Wednesday, 10 April 2013

The ABC's of Peas Please

Good morning to YOU!

My first taste of peas came from a can. My mother loved to serve the pale green mushy things cold with a little Miracle Whip. It’s little wonder I never developed a taste for peas. That is, until I picked one fresh off the vine. Then there was no turning back. 

Thank goodness for Thor the Norse God of thunder who apparently shot peas down from the heavens to plug human wells. Was this an act of vengeance or a gift? Either way it seems a few missed their mark and ended up in the soil where we can lustily feast on them today.

Peas are great to grow in your own home garden not only because they are delicious but they are also one of the first things you can plant in the season. Like, now.

Unlike tender plants such as tomatoes or peppers, peas are cold weather hardy and can be directly sown in the ground up to 4 weeks before last frost. Don’t worry if you haven’t gotten them in early - peas can still be planted until early summer before things get too hot.

There are basically two kinds of peas: Shelling and Snap. Snap peas can be eaten shell and all while shelling peas can not. Both are available as bush type plants or vines. What you choose to plant will depend on your space. Both grow with little tendrils coming off the stems that will cling and climb up a trellis or netting. Lucky for you, we sell that.

Find a nice sunny spot to plant your peas and make sure the soil is nice and fluffy. If it isn’t, mix in a healthy portion of a good, well rotted, organic compost. I like using vermicompost (worm castings) - something you can find at our store. Mushroom compost is good too.

Another great thing about peas is that they, like beans, are “nitrogen fixers”. What that basically means is that their roots, stems and leaves add nitrogen to the soil, a very important ingredient needed to grow healthy plants. That’s why it’s a good idea to plant them next to nitrogen suckers like corn.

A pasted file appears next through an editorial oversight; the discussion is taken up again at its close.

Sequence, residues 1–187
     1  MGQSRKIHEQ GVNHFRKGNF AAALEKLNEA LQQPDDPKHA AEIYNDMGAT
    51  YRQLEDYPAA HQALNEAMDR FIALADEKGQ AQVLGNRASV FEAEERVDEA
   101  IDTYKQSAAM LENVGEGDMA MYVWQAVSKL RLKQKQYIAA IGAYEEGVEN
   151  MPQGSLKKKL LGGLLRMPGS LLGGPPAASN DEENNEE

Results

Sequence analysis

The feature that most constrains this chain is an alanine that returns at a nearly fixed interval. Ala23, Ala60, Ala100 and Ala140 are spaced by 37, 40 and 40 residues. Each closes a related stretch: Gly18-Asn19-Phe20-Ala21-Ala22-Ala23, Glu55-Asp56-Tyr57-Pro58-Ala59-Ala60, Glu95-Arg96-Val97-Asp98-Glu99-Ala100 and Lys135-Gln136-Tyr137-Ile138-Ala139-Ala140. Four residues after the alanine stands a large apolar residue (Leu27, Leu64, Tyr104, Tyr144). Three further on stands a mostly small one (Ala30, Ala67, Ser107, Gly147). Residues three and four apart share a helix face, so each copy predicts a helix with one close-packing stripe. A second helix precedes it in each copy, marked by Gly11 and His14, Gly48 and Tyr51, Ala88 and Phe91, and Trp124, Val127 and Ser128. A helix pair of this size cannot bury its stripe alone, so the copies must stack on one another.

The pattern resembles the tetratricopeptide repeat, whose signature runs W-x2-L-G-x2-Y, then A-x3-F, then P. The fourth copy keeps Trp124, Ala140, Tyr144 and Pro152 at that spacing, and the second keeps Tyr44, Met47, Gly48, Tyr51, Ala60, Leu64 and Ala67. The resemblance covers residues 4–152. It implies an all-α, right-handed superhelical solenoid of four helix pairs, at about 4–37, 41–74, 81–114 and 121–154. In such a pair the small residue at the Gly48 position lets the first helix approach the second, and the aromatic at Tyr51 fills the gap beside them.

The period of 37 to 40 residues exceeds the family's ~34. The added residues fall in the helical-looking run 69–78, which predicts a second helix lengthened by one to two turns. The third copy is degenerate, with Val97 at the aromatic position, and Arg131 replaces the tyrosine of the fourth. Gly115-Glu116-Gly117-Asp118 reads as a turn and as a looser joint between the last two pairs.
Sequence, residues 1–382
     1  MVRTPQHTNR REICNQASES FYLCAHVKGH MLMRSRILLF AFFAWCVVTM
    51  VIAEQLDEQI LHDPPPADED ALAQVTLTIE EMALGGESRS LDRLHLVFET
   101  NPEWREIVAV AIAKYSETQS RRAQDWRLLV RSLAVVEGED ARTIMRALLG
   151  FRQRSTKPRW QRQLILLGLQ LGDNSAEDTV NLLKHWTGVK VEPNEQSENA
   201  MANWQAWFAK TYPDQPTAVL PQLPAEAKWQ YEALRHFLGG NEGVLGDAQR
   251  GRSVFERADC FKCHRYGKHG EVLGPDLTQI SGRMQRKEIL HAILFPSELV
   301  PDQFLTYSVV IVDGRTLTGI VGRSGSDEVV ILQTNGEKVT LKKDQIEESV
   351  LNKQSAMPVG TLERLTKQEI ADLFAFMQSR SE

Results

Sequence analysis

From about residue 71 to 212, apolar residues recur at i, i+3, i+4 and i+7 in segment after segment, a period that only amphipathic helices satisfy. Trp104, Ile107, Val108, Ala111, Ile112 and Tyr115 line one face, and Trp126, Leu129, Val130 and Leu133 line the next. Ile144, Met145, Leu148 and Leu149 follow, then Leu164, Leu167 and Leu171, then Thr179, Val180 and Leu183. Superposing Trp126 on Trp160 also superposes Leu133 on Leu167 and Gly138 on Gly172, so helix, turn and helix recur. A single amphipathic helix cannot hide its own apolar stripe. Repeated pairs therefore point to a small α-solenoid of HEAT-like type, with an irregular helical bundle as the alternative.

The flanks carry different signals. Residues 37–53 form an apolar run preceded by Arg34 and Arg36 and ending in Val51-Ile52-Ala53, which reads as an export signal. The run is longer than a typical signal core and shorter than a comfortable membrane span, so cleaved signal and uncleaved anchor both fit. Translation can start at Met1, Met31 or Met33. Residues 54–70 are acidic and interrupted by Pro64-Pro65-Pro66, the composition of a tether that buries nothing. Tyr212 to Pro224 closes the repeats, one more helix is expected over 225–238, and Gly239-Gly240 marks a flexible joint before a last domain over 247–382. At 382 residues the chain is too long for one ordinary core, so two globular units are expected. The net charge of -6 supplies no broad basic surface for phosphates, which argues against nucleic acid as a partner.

In fact, most herbs and vegetables are great companions for peas except for onions, garlic and potatoes, so find another spot for those.

The practice of “companion planting” is an old idea that is used for a number of good reasons. Plants can help each other improve flavour, repel bad bugs and attract good ones. Planting different plants together creates a natural and integrated pest management system for your garden so you won’t need to use those nasty chemicals.

Your peas will be ready to harvest after about 70 days. Make sure to save your seeds for next year by letting a few pods dry on the vine. Owning seeds is owning life - Monsanto doesn't get to be the only ones invited to that party. Power to the people and their right to seed! Am I right?

When all the peas are harvested you can leave the roots in ground for more nitrogen fixing and composition. 

...And don’t worry if you find a few single-podded peas. They’re said to bring good luck! Kind of like you!

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